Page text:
Syn.: Hydnum imbricatum L.


When used as a dye, Sarcodon from the same site did not produce any striking colors: see the rib (and the part above it), arm holes and the collar of the vest that Oluna dyed and knitted for me. Adolf

Proposed Names

41% (3)
Recognized by sight: Pine habitat
96% (5)
Recognized by sight: It is a Sarcodon…

Please login to propose your own names and vote on existing names.

= Observer’s choice
= Current consensus


Add Comment
very sharp
By: Danny Newman (myxomop)
2013-02-01 23:36:03 PST (-0800)

does Oluna take sweater orders?

By: Irene Andersson (irenea)
2011-04-14 03:35:04 PDT (-0700)

That’s how its habitat was described before it was known that it included more than one species. Until now they are imbricatus, squamosus, aspratus – but we still don’t know how many more.

Habitat, conifer is OK for Sarcodon imbricatus.
By: AmatoxinApocalypse (AmatoxinApocalypse)
2011-04-14 02:03:43 PDT (-0700)

Sarcodon imbricatus can be found in conifer or mixed conifer/hardwood forests.

By: Irene Andersson (irenea)
2011-04-14 01:36:10 PDT (-0700)

Beautiful colours in that vest!
Looks better without blue in it :-)

North American Sarcodon needs a closer look
By: Oluna & Adolf Ceska (
2011-04-13 13:25:30 PDT (-0700)

The circumpolar taxa of the genus Sarcodon from the vicinity of S. imbricatus require further study. This was already pointed out by Harrison, K.A. & D.W. Grund (1987): Differences in European and North American stipitate Hydnums. Mycotaxon 28: 427-455. They compared plates in Die terrestrischen Stachelpilze Europas published in 1975 by R.A. Maas Geesteranus. I have not seen the “Stachelpilze”, but the Mycotaxon discussion suggests that there are more problems in the Sarcodon taxonomy that are still waiting for some closer look. Adolf

All right
By: Irene Andersson (irenea)
2011-04-13 00:39:34 PDT (-0700)

let the time tell..
There are plenty of european DNA sequences to compare with.
I have only seen one that could be from BC, and that one is closer to imbricatus, but not identical either.

Sarcodon squamosus as a separate species, was first discovered by mushroom dyers. They found that squamosus was the one that gave blue colours, imbricatus didn’t.

The Consensus speaking…
By: Dimitar Bojantchev (dimitar)
2011-04-12 23:41:26 PDT (-0700)

The study of North American Sarcodon is so lacking that I have hard time seeing anything outside of the Sarcodon sp. framework. But I haven’t run any phylogenies yet either – something we need to do.

Until then I’ll follow Adolf’s suggestion to act like a Consensus… and suggest Sarcodon. sp.


Info on MO
By: Darvin DeShazer (darv)
2011-04-12 19:39:05 PDT (-0700)

When you go to the home page on MO for a species (any species) there is a link in the upper righthand side for:
 **Public Description (default)**

Here are links to three Sarcodons that look similar:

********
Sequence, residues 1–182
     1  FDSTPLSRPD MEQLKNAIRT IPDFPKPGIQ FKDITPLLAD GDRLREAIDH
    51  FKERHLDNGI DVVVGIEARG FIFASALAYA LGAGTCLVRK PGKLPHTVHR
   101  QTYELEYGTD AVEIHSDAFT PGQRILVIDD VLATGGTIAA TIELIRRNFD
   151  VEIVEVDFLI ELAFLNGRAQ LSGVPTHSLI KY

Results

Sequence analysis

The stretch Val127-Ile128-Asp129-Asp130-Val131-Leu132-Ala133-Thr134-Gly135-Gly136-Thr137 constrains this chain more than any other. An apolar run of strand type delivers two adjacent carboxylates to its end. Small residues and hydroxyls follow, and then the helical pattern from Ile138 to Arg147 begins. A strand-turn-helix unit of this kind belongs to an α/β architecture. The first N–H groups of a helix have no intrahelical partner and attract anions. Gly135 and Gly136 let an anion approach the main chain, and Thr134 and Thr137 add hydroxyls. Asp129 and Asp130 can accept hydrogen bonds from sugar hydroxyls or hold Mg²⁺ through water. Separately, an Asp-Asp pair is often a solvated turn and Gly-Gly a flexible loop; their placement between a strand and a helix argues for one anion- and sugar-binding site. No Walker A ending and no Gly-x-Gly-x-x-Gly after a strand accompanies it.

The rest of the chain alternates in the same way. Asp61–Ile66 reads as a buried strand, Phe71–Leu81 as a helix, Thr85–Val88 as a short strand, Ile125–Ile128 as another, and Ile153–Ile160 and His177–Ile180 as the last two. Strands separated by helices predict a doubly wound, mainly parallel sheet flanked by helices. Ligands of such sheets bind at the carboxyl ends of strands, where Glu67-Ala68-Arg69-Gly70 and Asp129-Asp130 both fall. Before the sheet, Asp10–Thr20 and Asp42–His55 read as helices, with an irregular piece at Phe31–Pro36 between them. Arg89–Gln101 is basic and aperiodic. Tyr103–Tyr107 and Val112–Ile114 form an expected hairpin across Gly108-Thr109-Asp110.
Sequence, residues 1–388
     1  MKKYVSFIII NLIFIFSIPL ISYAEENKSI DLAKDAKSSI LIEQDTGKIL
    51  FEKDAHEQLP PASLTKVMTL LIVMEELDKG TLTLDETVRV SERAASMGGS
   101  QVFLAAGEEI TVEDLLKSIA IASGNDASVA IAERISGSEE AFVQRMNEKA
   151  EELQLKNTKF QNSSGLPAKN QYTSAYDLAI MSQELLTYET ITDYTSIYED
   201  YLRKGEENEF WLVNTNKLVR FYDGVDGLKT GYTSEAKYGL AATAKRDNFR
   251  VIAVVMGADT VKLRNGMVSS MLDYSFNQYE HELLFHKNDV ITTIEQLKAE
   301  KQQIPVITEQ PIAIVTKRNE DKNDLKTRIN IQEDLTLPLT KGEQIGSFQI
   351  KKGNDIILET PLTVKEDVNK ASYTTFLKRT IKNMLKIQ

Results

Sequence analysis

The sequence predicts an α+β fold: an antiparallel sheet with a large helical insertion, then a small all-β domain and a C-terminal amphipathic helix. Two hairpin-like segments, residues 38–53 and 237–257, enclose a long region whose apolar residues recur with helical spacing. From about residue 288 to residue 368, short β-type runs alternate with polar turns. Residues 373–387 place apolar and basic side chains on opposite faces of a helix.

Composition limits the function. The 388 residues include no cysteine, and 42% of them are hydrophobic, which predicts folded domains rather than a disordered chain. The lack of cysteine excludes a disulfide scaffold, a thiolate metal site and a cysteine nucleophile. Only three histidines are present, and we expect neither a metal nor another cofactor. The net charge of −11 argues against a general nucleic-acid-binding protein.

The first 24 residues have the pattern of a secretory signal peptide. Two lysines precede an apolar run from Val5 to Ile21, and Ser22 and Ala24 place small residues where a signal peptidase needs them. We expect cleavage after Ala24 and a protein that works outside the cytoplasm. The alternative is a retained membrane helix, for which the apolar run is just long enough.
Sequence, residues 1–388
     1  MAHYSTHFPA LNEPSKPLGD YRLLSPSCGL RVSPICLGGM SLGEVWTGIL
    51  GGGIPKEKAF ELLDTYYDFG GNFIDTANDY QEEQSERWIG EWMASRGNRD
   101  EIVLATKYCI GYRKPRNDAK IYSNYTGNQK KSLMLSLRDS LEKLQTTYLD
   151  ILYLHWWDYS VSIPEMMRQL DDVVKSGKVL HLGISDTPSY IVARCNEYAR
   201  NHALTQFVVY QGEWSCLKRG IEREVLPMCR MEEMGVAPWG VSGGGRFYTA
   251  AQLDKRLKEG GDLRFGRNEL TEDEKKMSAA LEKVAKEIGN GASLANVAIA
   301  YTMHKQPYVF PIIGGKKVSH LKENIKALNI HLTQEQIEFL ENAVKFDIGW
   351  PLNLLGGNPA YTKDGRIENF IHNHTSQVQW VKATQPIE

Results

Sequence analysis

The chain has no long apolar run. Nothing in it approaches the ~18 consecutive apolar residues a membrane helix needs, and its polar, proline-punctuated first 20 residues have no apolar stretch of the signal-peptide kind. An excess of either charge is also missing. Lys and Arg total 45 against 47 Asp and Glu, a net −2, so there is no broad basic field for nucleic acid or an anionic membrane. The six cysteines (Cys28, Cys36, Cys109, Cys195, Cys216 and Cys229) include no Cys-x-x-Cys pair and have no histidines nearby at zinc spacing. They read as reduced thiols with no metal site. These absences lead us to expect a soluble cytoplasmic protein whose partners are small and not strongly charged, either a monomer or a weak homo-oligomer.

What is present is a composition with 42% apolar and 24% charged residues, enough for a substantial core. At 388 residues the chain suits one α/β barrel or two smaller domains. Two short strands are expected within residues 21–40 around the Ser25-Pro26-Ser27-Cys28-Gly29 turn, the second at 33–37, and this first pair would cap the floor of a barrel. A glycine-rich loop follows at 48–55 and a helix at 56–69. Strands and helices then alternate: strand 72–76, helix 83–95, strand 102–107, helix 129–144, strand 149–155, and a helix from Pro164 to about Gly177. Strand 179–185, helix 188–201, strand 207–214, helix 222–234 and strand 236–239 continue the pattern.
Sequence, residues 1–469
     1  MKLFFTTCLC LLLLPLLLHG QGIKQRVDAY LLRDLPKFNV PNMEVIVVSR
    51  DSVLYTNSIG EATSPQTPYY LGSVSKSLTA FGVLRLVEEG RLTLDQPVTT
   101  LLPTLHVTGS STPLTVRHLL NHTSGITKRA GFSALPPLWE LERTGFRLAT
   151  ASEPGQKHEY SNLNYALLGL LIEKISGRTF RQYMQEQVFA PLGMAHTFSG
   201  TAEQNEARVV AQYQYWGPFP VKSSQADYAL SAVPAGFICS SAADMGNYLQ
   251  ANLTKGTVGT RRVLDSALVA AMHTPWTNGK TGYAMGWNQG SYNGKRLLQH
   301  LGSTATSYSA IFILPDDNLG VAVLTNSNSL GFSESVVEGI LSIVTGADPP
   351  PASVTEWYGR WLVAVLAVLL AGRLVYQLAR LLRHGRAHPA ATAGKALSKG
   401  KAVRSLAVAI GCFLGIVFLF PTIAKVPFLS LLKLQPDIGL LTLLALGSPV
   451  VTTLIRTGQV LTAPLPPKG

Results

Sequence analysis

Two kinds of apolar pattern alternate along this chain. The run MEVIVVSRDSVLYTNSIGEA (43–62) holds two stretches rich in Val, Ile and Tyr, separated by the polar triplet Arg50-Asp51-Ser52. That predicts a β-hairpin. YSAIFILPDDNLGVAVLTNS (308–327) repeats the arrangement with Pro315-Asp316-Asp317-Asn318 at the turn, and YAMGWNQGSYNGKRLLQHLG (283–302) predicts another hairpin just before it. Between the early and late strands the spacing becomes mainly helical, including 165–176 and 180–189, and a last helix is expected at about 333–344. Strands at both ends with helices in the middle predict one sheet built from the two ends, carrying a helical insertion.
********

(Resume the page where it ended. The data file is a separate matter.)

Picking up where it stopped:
Sarcodon squamosus vs. Sarcodon imbricatus
By: Oluna & Adolf Ceska (
2011-04-12 17:10:41 PDT (-0700)

Kent Brothers is working on Sarcodon/Hydnum for the Pacific Northwest Key Council. I asked him this question: “Can you have a look at our Mushroom Observer posting of Sarcodon? Any comments?”

Here is his answer:

“A tricky question. The distinction between S. imbricatus & S. squamosus is based on the study by Johannesson et al. reported in Mycological Research 103 (11): 1447-1452 (1999) which is based entirely on specimens from Norway. In the study, S. imbricatus was associated with spruce (specifically Picea abies), and S. squamosus with pine (specifically Pinus sylvestris). As neither of these conifer species occurs natively here, application of the findings of that study to this area is tenuous. Though your specimens are clearly growing in the vicinity of pines, whence the Mushroom Observer reviewer concluded they must be S. squamosus, the photos also show some fir or spruce needles among the moss. (I can’t tell if they have points, but perhaps you know the trees where they were found.)” [Those non-Pinus needles are needles of Douglas-fir, Pseudotsuga menziesii. – AC]

“The authors state that the species could be readily distinguished macroscopically, though not microscopically. Your specimens (nice photos, by the way) appear to have some characteristics of both, but in my view on the whole are closer to the characteristics of S. imbricatus: long brown non-decurrent spines (contrasted to short decurrent spines with a bluish-gray cast), straight to bulbous stem (contrasted to tapering stem), and depressed pileus with central upward-pointing scales (contrasted to non-depressed pileus with rarely upward-pointing scales). That said, I’m not 100% confident they’re S. imbricatus, and wonder if what we have mightn’t be a third as-yet-undescribed species.”

I would recommend the Consensus to rename this observation to “Sarcodon sp.”


Created: 2011-04-10 12:56:18 PDT (-0700)
Last modified: 2011-04-14 02:18:24 PDT (-0700)
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